religion )despite all odds?

    Faith,Trust,Belief, childhood conditioning,influences not blind-

    but give it any name,its just another word for ‘exposure’.

    How you choose to use it is what makes you as a person I


    • Hi Sreelata,

      I agree. Faith is an end result of exposure to all things that take place in the world. But the ultimate belief that you have is what you make of this exposure. We can be exposed to a lot of things but can take it either constructively or critically. I basically believe that true faith only helps believe in all things positive and healthy. Don’t you think so Sreelata?

    • Varalekshmy says:

      Hi Shail,
      I was a staunch believer for many years. Then the bitterest experiences in my life made me a nuetral person-I believe there is a power above but it is not going to set things right for me however much I pray or cry. I have to bear all those hardships which are in my share, just like good things. So I stopped bothering him with prayers to set things right in my life and lessen my miseries. That thought has made me strong and I take whatever life gives me.

      • Hi Varloo,

        Circumstances and situations can do a lot to a person, it can even make one an atheist. I am happy that you still believe. I understand from your lines that the law of karma is what you mean when you say, “which are in my share.”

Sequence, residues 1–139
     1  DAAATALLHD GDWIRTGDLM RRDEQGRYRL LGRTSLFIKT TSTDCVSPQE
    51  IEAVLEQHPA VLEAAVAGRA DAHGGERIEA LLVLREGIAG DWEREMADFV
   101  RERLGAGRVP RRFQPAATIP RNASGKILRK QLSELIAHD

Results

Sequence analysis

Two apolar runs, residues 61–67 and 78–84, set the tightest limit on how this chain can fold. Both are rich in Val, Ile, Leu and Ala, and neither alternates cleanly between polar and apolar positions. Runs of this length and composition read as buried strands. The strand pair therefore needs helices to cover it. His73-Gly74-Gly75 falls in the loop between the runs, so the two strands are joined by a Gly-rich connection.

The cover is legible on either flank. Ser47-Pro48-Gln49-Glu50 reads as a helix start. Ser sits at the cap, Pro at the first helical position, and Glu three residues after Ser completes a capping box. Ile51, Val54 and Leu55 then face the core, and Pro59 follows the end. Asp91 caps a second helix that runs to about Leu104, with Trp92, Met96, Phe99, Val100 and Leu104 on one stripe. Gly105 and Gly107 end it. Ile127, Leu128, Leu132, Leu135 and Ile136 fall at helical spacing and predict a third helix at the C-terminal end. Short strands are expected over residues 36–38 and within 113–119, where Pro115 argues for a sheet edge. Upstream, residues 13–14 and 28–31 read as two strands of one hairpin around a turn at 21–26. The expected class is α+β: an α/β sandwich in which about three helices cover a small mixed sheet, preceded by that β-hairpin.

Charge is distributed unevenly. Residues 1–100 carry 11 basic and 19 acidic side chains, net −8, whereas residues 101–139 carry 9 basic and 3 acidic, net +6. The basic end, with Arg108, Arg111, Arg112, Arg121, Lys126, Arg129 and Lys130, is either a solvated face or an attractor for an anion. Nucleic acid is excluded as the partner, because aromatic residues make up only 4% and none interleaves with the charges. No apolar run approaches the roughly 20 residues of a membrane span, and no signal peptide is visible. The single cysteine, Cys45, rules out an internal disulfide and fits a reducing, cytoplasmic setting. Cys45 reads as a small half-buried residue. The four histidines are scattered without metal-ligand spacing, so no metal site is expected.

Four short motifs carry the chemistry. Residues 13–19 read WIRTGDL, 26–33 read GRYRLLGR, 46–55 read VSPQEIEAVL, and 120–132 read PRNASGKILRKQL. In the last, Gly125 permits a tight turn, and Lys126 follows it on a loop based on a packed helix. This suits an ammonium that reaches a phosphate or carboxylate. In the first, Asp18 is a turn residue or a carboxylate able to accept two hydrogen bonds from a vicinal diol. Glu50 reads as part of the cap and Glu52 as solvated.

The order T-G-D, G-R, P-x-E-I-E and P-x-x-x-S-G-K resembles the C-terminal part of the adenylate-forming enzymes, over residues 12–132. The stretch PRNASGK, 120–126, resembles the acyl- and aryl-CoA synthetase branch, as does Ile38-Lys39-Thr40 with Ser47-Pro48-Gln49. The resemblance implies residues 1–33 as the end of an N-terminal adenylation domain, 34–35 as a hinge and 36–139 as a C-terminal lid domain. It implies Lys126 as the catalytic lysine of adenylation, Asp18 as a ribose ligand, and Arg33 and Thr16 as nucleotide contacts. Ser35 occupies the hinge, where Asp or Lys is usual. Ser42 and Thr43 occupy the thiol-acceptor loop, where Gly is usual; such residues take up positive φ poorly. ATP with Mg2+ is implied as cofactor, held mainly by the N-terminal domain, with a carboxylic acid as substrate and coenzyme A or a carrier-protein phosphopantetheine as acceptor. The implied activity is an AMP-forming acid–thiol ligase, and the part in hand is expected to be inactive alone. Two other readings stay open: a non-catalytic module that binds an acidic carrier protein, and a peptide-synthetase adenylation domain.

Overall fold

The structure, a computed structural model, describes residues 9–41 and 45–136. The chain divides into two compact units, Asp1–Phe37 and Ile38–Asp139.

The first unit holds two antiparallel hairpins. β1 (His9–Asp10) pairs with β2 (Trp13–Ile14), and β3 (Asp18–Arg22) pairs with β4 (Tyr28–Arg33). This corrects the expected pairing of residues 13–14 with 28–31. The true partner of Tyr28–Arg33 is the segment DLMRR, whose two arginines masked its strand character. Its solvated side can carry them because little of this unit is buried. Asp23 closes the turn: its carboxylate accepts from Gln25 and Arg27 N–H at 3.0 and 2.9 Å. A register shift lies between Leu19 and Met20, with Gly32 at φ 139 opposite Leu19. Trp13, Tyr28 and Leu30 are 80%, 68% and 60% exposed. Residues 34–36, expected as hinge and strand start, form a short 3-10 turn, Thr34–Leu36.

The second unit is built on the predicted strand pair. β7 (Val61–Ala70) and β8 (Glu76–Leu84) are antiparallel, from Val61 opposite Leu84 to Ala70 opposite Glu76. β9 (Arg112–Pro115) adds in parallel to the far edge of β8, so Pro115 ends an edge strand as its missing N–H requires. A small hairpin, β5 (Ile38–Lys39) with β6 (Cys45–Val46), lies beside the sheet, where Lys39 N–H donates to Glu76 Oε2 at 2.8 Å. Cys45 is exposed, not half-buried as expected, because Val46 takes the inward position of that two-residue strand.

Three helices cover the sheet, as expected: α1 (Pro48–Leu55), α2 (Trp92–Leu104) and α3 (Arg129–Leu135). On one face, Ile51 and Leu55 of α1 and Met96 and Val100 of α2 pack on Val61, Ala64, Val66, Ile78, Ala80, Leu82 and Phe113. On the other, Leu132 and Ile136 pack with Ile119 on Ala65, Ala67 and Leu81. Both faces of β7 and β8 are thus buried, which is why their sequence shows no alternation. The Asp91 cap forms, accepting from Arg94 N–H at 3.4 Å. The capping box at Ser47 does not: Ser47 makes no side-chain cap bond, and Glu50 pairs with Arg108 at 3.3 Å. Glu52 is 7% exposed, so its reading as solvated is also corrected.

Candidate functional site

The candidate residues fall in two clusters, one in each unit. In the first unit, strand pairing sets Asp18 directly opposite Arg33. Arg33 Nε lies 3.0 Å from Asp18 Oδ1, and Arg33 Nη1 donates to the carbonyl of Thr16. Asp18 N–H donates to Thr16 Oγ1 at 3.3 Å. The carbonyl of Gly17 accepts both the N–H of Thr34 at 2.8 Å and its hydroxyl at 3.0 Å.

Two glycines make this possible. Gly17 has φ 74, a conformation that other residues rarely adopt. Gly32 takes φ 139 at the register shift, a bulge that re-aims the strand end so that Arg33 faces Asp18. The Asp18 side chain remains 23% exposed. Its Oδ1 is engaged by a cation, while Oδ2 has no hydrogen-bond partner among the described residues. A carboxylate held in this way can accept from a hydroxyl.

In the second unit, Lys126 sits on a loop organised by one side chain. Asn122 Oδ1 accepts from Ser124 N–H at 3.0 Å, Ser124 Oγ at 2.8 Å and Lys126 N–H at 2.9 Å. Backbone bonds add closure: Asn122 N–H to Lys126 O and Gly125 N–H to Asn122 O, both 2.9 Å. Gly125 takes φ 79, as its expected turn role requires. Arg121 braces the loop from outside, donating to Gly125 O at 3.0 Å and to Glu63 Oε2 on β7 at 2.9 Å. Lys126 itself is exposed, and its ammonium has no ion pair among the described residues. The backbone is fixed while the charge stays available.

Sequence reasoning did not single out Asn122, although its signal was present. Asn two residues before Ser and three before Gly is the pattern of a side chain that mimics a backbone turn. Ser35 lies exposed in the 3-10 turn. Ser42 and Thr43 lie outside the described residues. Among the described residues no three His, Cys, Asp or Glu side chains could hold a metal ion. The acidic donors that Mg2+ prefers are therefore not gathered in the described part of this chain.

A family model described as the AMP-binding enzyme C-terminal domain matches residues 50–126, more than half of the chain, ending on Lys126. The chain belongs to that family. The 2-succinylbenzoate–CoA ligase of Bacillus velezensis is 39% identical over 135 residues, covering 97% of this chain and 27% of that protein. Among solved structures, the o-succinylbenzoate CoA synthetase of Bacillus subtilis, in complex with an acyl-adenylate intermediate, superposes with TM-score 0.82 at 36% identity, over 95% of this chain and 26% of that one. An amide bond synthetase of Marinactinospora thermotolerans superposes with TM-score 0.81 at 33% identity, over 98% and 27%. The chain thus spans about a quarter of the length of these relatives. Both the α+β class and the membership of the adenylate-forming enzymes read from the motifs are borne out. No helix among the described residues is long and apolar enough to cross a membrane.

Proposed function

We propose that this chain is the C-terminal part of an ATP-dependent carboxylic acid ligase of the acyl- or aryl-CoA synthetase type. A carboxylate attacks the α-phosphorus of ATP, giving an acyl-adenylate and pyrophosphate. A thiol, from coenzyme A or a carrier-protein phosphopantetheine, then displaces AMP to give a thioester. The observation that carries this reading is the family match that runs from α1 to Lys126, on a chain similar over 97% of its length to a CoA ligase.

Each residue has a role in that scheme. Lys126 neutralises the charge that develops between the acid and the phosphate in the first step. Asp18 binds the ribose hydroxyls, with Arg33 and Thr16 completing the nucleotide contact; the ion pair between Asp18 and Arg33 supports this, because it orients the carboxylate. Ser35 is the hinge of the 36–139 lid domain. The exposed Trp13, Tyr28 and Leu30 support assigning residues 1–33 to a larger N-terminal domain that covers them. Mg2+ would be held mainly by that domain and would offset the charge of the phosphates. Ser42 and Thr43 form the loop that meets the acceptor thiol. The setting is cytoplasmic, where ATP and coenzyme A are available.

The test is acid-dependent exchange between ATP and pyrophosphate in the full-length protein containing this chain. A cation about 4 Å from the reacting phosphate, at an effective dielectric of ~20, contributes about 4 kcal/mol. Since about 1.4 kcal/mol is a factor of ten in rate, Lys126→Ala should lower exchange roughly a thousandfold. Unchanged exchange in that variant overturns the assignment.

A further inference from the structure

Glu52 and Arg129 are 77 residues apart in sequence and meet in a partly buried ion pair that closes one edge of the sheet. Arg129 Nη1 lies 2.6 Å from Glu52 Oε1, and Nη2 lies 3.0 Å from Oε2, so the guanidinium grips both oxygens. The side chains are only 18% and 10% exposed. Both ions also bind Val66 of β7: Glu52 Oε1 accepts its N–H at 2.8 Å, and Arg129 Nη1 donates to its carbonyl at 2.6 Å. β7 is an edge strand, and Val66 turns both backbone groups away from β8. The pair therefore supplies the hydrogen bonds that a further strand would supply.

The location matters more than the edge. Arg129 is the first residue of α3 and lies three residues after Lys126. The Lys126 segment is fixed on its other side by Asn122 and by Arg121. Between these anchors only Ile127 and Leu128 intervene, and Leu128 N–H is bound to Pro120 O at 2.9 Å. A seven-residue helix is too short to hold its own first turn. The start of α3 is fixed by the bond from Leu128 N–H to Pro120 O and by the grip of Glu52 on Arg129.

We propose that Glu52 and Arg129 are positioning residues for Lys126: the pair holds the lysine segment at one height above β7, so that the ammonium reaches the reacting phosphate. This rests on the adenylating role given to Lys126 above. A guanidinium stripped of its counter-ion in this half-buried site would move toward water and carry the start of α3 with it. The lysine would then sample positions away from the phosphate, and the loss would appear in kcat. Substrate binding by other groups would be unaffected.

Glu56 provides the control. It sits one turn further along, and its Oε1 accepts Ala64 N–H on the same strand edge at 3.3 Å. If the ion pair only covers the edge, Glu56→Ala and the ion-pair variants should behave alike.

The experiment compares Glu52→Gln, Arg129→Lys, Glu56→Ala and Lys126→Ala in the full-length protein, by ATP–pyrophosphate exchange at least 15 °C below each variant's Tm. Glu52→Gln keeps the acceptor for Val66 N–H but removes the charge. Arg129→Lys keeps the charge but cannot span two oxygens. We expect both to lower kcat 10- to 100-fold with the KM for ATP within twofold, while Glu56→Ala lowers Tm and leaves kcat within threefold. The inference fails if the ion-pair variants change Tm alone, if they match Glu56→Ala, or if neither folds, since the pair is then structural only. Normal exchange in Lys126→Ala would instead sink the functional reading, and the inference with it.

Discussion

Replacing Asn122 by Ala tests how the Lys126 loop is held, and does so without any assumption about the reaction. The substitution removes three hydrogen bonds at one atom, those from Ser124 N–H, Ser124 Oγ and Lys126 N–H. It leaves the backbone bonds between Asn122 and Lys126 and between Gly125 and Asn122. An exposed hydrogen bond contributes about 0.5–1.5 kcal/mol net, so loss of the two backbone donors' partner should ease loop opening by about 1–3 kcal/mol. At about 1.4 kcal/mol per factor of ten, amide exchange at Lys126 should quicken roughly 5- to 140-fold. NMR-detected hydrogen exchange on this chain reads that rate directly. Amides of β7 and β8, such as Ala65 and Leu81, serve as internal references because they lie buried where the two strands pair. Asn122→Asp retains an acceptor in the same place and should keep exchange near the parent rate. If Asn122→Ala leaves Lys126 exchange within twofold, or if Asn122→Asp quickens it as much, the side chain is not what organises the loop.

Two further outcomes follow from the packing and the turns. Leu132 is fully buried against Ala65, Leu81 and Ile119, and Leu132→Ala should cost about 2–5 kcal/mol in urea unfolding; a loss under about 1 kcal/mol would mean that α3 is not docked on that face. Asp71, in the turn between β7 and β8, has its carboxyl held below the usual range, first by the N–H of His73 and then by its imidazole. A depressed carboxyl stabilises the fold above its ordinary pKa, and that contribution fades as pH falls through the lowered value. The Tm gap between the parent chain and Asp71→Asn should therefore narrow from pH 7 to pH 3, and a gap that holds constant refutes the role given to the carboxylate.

Yes, certain things are there in our share, we have to bear with them whether we like it or not, sometimes, prayer cannot help in that department. But prayer (to me atleast) comes as a welcome respite. It’s like I have put in my application for relief to the Power Above, if He/She thinks I deserve respite I will get it. If not then that’s how it is… Carry on with courage.

  10. Sucharita Dutta-Asane says:

    Faith is not religion-dependent. That is why the truly faithful find strength thorugh all vissicitudes of life. It is the weak-faith ones who need to prove their strength. What do you think? Belief in a superior power also works as a bulwark against all odds Shail. Your post raises a very relevant issue.

    • Thanks dear Suchi. As I mentioned in my reply to Irene, faith indeed helps in all times, against all odds as you said. And yes, I agree, that’s why people suffering terribly are still able to survive and even smile because of their faith in the Power Above!

  11. Irene says:

    I am probably a believer, but a questioner too, and my daughter says there cannot be God because there is so much misery and wrong in the world. I think she is also confused, like me.

    • Hi Irene. Nice that you are a believer. Questioning beliefs is not disbelieving.
      For a child, unless we can give either moralistic or logical answers it is difficult to satisfy them. So, unless you believe in the law of karma and effect, I suppose both mother and daughter will stay confused!
      Still, I hope that your daughter believes since belief is a real help in all times. Just my point of view Irene.

  12. Ashwathy says:

    Religion is definitely conditioning….
    Kids who are brought up with sensible conditioning to be secular learn to respect all beliefs.

    It is however one’s experience and belief when ppl change religion according to what they prefer.

    It is narrow-mindedness when one refuses to accept any belief except one’s own – and this applies to everything including religion.